The 8mm You Hold in Your Hand and Shoot With.
Photo Journalism, Business, and other careers were where some of the men in Mein Krieg wanted to go with their lives. Instead they were drafted into the military. We all know how harmful this draft was, whether for those who wanted field jobs or desk jobs all wound up with a different kind of field job. One that required you to be broken and become malleable. “What could I have done?”  was one of the quotes from early in the film that stuck out to me. Someone who at 17 or 18 at the time was lost within the system that sent people into their own pine box.
“What could I have done?” he asks, yet he did do something. He recorded some of the happenings during this time and was able to show some of the horrific scenes that they were faced with on a day to day basis. at such a young age and of such pliable demeanor after years of dedicated tearing he was one of many like the 488 of 500 at Jozefow who would stay enlisted due to fear of penalty. This is not to imply he was one of the Reserve Police Battalion 101, but that his situation was similar. A way in which it was different was that these men filmed their experience when they could which provides an interesting insight into the party mentality as well as the the conditions in which they worked. I found the opening images of Mein Krieg to be very telling of the stories to come in the film and just a light painting of what atrocities they faced.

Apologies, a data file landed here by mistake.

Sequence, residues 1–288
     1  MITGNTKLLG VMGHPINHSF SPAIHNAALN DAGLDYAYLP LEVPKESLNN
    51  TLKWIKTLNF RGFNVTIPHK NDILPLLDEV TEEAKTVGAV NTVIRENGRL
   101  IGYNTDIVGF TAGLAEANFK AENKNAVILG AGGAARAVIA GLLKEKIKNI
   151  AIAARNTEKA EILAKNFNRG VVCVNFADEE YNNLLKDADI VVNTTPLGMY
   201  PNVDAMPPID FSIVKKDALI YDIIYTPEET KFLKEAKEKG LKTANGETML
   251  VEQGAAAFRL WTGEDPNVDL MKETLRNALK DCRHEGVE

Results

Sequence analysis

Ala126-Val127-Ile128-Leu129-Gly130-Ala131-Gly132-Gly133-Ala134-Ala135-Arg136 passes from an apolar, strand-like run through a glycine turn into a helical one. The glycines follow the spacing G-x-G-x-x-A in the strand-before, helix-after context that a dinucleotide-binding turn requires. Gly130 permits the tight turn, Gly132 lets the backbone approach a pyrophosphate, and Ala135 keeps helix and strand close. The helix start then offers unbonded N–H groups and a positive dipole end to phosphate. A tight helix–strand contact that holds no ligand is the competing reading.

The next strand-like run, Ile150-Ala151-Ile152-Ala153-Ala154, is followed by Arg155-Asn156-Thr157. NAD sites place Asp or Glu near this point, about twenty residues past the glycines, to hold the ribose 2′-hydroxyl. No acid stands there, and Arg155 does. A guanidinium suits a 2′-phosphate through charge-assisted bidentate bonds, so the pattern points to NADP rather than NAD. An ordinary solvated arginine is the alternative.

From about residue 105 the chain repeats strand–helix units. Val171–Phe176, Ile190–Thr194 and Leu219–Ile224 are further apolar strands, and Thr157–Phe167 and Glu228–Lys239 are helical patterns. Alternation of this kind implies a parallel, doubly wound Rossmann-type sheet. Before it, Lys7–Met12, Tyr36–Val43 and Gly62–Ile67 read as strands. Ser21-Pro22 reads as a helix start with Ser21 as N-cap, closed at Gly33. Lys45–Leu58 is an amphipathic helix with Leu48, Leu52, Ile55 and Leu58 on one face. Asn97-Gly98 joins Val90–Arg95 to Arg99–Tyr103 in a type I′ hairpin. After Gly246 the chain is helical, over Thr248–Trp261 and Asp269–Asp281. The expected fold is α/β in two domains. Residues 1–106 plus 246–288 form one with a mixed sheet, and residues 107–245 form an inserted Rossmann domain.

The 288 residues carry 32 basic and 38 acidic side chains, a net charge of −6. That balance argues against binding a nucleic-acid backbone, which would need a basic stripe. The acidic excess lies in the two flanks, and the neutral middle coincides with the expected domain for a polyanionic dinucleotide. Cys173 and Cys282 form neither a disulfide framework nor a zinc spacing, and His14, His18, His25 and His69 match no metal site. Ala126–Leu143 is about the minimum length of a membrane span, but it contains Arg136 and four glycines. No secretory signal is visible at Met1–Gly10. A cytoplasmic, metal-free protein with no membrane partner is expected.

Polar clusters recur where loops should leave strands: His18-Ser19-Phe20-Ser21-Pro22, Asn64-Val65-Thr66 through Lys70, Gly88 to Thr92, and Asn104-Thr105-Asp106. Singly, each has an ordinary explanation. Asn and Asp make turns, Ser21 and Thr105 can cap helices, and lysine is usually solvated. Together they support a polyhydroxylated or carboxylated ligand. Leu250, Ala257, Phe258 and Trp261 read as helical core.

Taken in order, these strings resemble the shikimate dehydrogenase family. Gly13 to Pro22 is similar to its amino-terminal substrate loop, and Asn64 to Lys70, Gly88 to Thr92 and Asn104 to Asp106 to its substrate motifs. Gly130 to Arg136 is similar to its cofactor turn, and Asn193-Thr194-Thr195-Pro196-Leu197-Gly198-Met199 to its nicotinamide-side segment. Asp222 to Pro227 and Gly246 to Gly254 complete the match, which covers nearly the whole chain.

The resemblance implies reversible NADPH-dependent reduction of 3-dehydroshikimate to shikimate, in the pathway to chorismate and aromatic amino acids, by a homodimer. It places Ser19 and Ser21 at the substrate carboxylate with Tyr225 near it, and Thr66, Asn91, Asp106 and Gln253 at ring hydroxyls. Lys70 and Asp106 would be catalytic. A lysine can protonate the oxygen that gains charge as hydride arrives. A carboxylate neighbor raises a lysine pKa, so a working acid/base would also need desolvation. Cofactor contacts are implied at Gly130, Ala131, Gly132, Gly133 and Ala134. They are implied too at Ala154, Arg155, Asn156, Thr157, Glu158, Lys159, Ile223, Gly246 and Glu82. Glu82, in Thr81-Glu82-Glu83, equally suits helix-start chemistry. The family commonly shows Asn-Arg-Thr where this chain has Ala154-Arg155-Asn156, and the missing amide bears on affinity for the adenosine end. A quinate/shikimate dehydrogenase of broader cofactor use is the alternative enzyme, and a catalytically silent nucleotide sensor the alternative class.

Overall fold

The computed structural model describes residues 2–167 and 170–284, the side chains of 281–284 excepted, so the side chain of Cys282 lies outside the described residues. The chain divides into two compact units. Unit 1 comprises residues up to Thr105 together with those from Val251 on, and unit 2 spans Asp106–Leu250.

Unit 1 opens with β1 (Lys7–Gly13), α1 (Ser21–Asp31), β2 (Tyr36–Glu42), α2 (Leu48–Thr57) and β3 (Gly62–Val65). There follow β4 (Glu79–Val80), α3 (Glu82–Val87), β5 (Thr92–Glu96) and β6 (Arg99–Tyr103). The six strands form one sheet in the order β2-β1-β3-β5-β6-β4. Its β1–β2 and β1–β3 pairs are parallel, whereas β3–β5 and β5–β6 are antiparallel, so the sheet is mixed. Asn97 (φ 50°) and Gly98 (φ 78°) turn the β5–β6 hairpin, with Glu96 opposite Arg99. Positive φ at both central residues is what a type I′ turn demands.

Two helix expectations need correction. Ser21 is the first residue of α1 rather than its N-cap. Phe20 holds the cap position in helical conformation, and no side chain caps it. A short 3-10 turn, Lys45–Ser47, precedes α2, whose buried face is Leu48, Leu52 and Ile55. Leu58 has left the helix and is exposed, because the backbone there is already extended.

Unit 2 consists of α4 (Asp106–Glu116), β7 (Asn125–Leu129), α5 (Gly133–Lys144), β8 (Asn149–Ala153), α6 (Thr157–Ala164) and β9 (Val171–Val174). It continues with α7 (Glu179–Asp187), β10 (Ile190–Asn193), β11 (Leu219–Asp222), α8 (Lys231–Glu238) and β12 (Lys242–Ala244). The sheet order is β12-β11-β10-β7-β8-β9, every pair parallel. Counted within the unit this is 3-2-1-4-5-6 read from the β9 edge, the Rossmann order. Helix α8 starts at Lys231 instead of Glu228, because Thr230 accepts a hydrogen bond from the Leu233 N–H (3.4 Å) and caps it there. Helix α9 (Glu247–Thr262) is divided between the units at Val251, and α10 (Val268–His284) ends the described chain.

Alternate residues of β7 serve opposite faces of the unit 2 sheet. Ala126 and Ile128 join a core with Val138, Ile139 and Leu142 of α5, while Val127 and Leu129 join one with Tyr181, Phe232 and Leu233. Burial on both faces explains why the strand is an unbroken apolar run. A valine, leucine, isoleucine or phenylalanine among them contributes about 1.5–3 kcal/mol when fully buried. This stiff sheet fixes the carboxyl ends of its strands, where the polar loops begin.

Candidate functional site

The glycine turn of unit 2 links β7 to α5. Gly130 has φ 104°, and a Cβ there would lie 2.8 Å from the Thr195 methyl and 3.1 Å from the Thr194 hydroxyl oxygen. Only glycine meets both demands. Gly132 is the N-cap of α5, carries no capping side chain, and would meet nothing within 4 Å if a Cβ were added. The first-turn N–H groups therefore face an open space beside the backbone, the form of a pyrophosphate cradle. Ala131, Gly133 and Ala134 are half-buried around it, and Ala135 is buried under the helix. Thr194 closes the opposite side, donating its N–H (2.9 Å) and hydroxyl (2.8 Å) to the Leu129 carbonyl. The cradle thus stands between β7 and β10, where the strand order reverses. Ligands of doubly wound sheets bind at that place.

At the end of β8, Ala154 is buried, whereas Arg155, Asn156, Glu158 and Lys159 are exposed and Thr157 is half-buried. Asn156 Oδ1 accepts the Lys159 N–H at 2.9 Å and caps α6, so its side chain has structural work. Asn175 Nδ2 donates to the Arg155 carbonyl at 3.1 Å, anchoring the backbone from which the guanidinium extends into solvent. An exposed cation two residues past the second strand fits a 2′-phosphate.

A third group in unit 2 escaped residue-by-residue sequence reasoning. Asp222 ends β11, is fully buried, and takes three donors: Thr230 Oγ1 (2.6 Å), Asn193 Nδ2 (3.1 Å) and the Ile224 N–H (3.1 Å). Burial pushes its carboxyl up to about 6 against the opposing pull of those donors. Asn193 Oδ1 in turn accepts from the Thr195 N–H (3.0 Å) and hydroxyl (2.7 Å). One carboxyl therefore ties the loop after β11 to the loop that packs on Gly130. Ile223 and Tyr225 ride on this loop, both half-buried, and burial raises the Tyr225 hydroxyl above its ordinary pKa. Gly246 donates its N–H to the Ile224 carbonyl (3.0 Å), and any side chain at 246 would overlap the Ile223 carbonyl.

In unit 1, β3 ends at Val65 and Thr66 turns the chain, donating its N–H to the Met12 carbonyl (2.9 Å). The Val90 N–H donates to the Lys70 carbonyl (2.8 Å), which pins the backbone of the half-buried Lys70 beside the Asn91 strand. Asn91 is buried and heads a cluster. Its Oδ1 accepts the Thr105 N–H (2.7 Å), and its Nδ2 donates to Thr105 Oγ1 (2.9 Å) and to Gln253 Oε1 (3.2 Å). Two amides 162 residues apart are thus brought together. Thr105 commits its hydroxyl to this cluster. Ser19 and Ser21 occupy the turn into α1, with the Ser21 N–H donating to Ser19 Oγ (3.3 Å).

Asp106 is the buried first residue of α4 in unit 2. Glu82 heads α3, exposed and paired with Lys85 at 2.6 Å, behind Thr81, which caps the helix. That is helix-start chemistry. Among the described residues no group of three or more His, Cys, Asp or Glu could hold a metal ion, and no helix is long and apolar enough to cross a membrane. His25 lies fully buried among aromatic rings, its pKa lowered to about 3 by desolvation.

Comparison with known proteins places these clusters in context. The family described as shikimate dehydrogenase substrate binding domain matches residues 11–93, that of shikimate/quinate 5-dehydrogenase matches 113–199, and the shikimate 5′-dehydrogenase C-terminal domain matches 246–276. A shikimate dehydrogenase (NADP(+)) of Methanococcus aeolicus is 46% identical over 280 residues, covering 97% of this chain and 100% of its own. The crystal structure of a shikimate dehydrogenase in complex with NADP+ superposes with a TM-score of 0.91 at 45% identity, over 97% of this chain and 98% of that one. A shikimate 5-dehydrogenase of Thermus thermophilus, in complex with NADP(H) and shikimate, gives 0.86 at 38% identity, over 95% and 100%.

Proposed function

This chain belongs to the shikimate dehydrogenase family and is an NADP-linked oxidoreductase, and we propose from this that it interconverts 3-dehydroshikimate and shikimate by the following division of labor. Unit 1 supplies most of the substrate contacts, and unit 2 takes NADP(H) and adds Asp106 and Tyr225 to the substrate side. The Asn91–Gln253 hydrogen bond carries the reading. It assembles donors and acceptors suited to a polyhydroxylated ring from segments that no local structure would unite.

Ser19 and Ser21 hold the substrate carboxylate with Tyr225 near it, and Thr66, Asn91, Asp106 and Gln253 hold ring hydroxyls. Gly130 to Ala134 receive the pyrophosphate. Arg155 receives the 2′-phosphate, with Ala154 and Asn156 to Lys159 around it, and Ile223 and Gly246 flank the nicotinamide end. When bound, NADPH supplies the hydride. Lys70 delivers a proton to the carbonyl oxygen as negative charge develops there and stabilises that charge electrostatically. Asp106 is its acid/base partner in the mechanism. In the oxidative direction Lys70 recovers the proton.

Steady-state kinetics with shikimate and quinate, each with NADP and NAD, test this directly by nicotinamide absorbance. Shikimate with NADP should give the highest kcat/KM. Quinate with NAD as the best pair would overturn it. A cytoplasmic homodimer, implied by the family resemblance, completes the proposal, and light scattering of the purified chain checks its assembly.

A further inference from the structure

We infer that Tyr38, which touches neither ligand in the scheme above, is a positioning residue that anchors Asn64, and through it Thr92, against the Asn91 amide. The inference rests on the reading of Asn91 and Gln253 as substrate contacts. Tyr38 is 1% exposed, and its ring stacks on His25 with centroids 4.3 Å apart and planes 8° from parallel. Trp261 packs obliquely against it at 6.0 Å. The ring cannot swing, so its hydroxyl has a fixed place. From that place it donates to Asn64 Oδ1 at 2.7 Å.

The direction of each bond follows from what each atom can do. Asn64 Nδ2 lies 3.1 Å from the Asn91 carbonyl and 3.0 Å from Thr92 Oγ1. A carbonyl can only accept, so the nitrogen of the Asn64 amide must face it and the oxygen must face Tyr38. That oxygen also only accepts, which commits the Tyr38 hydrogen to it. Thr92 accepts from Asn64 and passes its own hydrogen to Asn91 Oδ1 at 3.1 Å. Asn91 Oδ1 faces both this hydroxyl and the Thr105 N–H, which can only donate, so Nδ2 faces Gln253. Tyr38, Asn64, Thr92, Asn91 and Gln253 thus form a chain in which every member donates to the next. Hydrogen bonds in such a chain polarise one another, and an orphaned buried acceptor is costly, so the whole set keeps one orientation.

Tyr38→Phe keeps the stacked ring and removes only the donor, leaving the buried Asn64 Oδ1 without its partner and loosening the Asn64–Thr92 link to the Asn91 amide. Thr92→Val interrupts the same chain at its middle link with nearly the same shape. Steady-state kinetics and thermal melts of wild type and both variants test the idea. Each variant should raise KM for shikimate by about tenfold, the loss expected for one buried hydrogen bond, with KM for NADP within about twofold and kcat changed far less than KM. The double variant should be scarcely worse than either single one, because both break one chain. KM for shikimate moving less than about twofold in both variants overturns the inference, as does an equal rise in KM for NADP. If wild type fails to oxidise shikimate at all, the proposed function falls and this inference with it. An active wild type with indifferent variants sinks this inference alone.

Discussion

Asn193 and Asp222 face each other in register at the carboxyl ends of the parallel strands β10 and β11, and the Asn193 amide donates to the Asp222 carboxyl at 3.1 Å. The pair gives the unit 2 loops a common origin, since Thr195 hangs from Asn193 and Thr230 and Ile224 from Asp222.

Mein Krieg. Directed by Harriet Eder. Kino on Video, 1997. Film.